Good health behaviors are defined as “actions that individuals take to maintain or enhance their health and reduce health risks” and are especially important for individuals with congenital heart disease (CHD), including hypoplastic left heart syndrome (HLHS). But how likely are adults with CHD to actually maintain a heart-healthy lifestyle? This week’s #ResearchRecap reviews an important and insightful study that aimed to answer that question. (4 minute read)
Health behaviors reported by adults with congenital heart disease across 15 countries.
Holbein, et al., September 17, 2019
European Journal of Preventive Cardiology https://journals.sagepub.com/doi/full/10.1177/2047487319876231
Little is known about the details of important health behaviors in adults with CHD, and even less is known about these behaviors in countries around the world. Researchers in Belgium coordinated an extensive international study to start answering these questions. The study enrolled 4,028 patients in 15 countries on five continents: 2 in North America, 1 in South America, 8 in Europe, 3 in Asia, and Australia. The average age of participants was 32, 53% were women, and half had at least moderate CHD.
Participants completed several surveys and had their medical records reviewed. All data was collected from April 2013-March 2015. Patients were eligible to enroll if they were over 18, had been diagnosed with CHD before adolescence, and had not undergone a heart transplant. The study had three aims:
Seven health behaviors were studied: binge drinking, cigarette smoking, recreational drug use, visiting the dentist at least once a year, brushing their teeth twice a day, flossing once a day, and regular physical activity. Patients were also asked to report their level of “functional status” using the New York Heart Association (NYHA) classes of heart failure ranging from Class I (no limitation of physical activity) to Class IV (unable to carry on physical activity without discomfort).
The authors note that these findings are in line with previous research which suggests that “the health behaviors of adults with CHD may largely follow trends of the general population, with the presence of CHD having only a subtle impact.” Yet, they also point out that good health behaviors are especially important for adults with CHD given that “they are at higher risk than the general population for cardiovascular events.”
Consistent with general population trends, adults with CHD reported higher rates of smoking and binge drinking in Australia and several Western and Northern Europe countries. Recreational drug use (e.g., cannabis, ‘ecstasy’, ‘speed’, ‘mushrooms’, cocaine) was highest in North and South America, while patients from India and Taiwan reported the lowest levels of substance use.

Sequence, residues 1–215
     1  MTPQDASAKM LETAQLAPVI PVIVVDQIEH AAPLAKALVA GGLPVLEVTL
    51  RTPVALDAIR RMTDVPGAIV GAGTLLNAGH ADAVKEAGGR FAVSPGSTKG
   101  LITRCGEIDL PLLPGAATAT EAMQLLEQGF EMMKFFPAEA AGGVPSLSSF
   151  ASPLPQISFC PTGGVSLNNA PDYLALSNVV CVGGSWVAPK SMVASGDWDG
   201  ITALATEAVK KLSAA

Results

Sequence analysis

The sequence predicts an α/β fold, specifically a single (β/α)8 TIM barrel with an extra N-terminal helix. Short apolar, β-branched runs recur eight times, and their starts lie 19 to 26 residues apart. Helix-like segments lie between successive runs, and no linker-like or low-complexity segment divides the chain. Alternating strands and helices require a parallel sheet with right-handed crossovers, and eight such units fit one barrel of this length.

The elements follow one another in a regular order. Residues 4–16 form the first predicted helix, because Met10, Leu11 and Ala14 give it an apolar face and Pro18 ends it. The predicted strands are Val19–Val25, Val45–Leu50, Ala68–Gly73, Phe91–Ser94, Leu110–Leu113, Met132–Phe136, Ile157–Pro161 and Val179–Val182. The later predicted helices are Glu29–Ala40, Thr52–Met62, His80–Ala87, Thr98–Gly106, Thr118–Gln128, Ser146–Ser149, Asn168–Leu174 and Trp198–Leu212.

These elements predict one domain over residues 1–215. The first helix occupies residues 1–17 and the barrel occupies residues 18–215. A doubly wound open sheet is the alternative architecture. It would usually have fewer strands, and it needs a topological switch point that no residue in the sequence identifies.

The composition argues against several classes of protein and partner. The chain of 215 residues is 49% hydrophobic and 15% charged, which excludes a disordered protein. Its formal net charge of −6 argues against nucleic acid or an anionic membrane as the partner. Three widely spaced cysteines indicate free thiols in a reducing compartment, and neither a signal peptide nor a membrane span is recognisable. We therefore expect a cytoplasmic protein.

Western and Northern European countries had the highest rates of annual dental visits (84%), while India was the lowest (28%). Brushing and flossing varied widely across all countries; 64% of patients in the United States reported brushing twice a day and 33% reported flossing daily. For physical activity, the US and Asia reported the lowest rates of regular physical activity, while higher rates were seen in Western and Northern Europe.
It’s important to keep in mind that there are many reasons for differences in the rates of certain health behaviors across countries. The authors note that factors such as national level of development, cultural values, laws, and geographic barriers may result in patients being more or less likely to engage in certain behaviors. For example, personal use of cannabis is legal in several countries studied here, while other researchers have reported that most people in India don’t have access to basic dental care (Gambhir et al., 2013).
For their third aim, the researchers correlated the seven health behaviors with demographics including age, sex, marital/cohabiting status, education level, defect complexity, and functional status. Patients who were younger, male, less educated, and had less complex CHDs were more likely to report binge drinking and smoking. Recreational drug use was more often reported by people who had worse functional status, were unemployed, and unmarried.
Remember: In studies like this, “correlation does not imply causation.” This means that we don’t know if being unemployed, unmarried, and having worse functional status causes someone to use recreational drugs, or if using drugs causes someone to have these characteristics. In this study, they were reported together more often, but there may be other causes that were not explored.
All three aspects of dental care were correlated with older age, higher education, and being female. Patients were less likely to report regular brushing and flossing if they had a worse functional status. This is especially concerning given that “CHD patients are at greater risk for cardiovascular complications including endocarditis (infection in the heart valves or lining of the interior surfaces of the heart)… and that dental problems are a leading cause of infective endocarditis.”
Participants in this study who reported regular physical activity were more often younger, male, employed/students, had higher education, less complex defects, and better functional status. The authors note that physicians have historically been reluctant to encourage physical activity in complex CHD patients. However, new research has shown that appropriate exercise and cardiac rehab can be beneficial for people with severe defects.
While many adults with CHD maintain a heart-healthy lifestyle, there are still areas for improvement that vary in specific areas across countries and individuals. This study provides important information for both medical providers and for the future development of programs to assess, educate, and improve access to good health behaviors for adults with CHD.